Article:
Talking GOOD with LeeAnne Beres

LeeAnne Beres_Slider

Last week, 50,000 protestors gathered on the Mall in Washington, D.C. for the Forward on Climate Rally, reminding the world how important it is to be vocal about ecological issues. As I am just beginning to stretch my environmentalist legs (FoC was my first rally!), I am in awe of this week's Talking GOOD spotlight. LeeAnne Beres brings 20+ years of experience to the world of environmental activism, and is Executive Director of Earth Ministry and Washington Interfaith Power & Light (WIPL). Earth Ministry is an organization dedicated to engaging the Christian community in environmental stewardship. WIPL is a project that brings members of different religions together to respond to climate change.

Before joining Earth Ministry in 2005 LeeAnne was the Associate Director of Save Our Wild Salmon and the Outreach Director of the NW Energy Coalition. She also held positions with the Marine Fish Conservation Network, Greenpeace, and various other campaigns. LeeAnne also spent TWO YEARS on a commercial fishing boat in the Bering Sea. LeeAnne is one fierce lady! That takes a whole lot of guts and spunk. Last year, LeeAnne received the Headwaters Award, an honor bestowed on leaders who have made significant contributions to the Northwest’s clean and affordable energy future.

Here at Talking GOOD we have done a few other environmental profiles (like this and this) and I am so happy to add LeeAnne to the mix! I must say, she is one indominatable spirit. Fighting for clean water and energy is tough, and LeeAnne never lost faith. In fact, she has her faith to guide her. LeeAnne you've inspired me to keep on fighting the good fight!

Thanks for talking with us!

1. IN JUST ONE SENTENCE, WHAT IS YOUR PURPOSE IN LIFE? To borrow the title of my favorite poem by Marge Piercy, my purpose in life is “To be of Use.”

2.  FOR YOU, IS DOING “GOOD” PRIMARILY A SELFLESS OR SELFISH BEHAVIOR? I'm called to do good as part of my faith. As it says in Micah 6:8, “What does the Lord require of you but to do justice, and to love kindness, and walk humbly with your God.”

3. WHO IS YOUR HERO AND WHAT WOULD YOU ASK THEM IF GIVEN THE CHANCE? Gene Roddenberry, the creator of Star Trek. His vision of a future where people of all races, sexes, and religions are not only equal but working together toward a common goal of exploration and mutual understanding really made an impression on me as a child. Although he's passed on, I'd love to ask him how he overcame the prejudices of the 1960's to put such a forward-thinking TV show on the air – and if he was aware of how many people he inspired.

4. WHAT WOULD THE TITLE OF YOUR BOOK BE? My Earth Ministry colleague Jessie Dye and I have thought about co-authoring “Faithful Advocacy for God's Creation”, a how-to guide for people of faith to speak up for the environment through public policy advocacy. We're off to a great start in a recent issue of our newsletter, Earth Letter.

5. WHO WOULD PLAY YOU, IN A  MOVIE ABOUT YOUR LIFE? I'd be honored if Jodie Foster played my part. She's got an indomitable spirit that resonates with me and I think we share the trait of always taking on new challenges and pushing ourselves harder. She doesn't shy away from difficult roles but her comedies show that she also has a wicked sense of humor.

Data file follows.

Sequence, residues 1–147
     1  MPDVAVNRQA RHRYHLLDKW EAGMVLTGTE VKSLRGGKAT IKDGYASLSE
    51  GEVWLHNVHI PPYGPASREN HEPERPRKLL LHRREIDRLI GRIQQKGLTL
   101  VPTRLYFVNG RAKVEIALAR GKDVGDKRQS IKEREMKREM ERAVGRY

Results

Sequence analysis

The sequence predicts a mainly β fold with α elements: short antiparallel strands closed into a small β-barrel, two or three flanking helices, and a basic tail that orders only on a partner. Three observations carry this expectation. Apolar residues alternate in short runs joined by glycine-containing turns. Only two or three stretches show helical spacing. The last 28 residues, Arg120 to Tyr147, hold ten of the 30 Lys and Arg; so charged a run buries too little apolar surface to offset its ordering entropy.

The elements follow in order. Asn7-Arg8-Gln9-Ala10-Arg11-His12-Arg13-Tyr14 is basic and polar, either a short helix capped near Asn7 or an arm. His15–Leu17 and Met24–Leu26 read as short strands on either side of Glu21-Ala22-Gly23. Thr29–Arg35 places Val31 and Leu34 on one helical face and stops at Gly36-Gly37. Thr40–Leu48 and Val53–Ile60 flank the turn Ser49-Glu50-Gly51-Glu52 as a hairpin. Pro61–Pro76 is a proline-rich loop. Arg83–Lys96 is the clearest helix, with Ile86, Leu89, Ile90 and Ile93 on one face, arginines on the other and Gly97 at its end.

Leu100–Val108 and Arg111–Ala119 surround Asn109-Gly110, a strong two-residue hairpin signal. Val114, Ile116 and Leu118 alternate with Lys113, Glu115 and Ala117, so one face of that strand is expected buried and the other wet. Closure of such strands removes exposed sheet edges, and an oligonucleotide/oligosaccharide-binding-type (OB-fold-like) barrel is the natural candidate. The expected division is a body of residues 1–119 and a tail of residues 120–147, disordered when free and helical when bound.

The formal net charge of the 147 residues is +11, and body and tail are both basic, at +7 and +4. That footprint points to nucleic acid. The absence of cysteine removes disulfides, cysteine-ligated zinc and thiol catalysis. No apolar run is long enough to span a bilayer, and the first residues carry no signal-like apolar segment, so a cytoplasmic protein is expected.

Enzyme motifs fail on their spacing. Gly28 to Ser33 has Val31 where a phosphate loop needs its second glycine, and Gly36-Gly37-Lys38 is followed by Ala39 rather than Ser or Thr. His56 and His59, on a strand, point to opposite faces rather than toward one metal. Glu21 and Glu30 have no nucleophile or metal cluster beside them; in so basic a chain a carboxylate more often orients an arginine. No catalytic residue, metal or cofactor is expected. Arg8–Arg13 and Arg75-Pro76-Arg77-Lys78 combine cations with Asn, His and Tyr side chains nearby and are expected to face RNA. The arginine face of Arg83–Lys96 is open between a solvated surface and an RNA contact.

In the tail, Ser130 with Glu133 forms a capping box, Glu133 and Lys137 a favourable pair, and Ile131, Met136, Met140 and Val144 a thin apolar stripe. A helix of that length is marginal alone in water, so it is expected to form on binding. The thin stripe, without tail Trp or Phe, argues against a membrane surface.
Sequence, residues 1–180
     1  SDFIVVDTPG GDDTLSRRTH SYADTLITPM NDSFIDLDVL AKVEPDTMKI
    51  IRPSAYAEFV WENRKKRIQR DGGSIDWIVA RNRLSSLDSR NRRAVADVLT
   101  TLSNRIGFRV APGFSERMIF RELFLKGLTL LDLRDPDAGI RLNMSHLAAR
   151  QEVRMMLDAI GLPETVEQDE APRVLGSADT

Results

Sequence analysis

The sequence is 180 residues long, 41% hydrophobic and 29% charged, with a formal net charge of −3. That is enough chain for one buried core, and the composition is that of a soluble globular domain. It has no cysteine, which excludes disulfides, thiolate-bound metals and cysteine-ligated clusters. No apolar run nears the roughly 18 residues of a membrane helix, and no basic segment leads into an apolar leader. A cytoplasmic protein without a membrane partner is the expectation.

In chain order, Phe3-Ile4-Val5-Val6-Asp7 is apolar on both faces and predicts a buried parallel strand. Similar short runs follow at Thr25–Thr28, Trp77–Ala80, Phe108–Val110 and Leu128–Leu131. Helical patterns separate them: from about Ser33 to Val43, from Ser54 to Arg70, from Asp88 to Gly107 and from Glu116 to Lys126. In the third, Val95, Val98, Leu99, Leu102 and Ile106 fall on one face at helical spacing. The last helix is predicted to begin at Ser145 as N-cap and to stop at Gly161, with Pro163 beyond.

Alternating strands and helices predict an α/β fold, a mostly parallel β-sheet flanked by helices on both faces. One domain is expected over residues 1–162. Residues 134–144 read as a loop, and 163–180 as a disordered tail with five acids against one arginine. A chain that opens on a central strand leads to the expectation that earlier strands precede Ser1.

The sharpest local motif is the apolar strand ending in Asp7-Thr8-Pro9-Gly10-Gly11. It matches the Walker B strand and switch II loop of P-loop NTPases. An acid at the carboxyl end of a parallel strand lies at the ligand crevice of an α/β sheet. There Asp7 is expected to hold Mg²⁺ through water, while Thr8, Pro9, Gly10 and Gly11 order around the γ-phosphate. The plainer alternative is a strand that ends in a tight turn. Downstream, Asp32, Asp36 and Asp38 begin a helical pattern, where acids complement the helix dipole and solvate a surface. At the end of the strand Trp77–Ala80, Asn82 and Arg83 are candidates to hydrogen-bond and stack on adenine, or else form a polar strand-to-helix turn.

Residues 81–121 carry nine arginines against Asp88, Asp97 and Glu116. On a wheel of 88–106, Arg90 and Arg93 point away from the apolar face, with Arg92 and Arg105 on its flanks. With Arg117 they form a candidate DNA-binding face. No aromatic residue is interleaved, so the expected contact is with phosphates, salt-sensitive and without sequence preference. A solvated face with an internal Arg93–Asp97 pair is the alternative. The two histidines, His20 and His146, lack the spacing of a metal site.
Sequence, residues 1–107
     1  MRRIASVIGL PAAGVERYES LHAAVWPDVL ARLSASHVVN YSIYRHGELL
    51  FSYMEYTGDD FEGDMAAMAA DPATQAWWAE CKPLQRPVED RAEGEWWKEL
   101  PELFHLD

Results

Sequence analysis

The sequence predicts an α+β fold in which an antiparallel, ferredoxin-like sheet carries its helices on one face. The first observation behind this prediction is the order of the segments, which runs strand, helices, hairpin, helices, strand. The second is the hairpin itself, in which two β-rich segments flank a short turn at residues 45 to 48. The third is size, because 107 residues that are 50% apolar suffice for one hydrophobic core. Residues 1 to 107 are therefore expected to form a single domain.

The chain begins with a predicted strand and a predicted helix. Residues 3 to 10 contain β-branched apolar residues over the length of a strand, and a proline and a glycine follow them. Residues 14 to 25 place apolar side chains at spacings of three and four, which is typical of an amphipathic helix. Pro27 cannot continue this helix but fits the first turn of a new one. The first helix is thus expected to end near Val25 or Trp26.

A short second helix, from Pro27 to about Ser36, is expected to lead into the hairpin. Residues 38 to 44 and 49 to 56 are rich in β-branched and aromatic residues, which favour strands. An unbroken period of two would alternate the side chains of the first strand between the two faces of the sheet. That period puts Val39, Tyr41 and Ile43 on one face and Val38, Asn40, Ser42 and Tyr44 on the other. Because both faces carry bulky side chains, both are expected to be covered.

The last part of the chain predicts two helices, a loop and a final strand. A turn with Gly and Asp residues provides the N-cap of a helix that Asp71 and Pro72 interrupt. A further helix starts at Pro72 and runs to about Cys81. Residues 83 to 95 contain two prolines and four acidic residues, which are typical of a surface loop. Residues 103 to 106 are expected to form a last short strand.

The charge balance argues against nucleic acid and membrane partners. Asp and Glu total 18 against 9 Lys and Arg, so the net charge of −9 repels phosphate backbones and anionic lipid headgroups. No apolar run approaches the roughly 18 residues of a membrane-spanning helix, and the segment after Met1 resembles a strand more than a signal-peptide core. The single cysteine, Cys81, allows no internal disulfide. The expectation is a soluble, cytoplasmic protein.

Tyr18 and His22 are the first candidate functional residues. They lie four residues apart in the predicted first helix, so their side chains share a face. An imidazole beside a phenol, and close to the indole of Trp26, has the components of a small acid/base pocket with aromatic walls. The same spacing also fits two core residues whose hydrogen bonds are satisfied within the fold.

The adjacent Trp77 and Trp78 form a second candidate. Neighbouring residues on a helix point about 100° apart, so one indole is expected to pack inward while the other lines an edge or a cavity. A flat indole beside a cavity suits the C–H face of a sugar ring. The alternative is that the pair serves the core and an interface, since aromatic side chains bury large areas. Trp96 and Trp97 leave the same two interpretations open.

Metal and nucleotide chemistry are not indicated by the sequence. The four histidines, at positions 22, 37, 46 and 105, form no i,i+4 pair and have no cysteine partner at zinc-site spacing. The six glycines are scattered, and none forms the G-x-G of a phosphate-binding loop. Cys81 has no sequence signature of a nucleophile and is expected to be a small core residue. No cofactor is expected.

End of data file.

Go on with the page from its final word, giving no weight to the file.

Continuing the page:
6. WHAT IS A BELIEF THAT IS CORE TO YOUR BEING? I believe that together we are stronger. No matter how effective we are individually, when we join together for the common good, amazing things happen.

7. IF YOU WEREN’T DOING THIS, WHAT WOULD YOU BE DOING? Helping others is hardwired into my personality so I'm sure I'd still be working for some kind of nonprofit. I love to travel so maybe I'd be overseas as part of an international service corps or global environmental organization.

8. TELL US SOMETHING SURPRISING ABOUT YOURSELF.  Even though I've worked to protect the environment my whole career, I don't particularly like trees – they make me feel hemmed in and claustrophobic. I prefer wide-open spaces (think Arizona desert or broad Montana river valleys) where I can see forever and really breathe. So I find it ironic that I live in the Evergreen State surrounded by nothing but trees, and at a job where some people would call me a tree-hugger!

9. IF YOU COULD HAVE ONE WISH GRANTED THAT WAS TRULY POSSIBLE, WHAT WOULD IT BE? I wish that we would solve the problem of climate change, which is one of the most important moral issues of our day. Left unchecked, climate change will have devastating impacts on global weather, food and water availability, political conflicts and immigration, and the health of our human and natural communities. We can and must do better.

10. WHAT QUESTION(s) DO YOU WISH I HAD ASKED, AND WHAT IS THE ANSWER? QUESTION:What was the most formative experience in your life? ANSWER: I worked as a biologist on commercial fishing boats in Alaska for several years right after college. Being the only woman on board and serving as the government’s oversight of fishing regulations was certainly challenging at times. It taught me a lot about self-sufficiency and hard work, and made me realize if I could do that, I could do anything. And there's nothing like a fishing boat losing power at night in 30 foot seas to put things into perspective.

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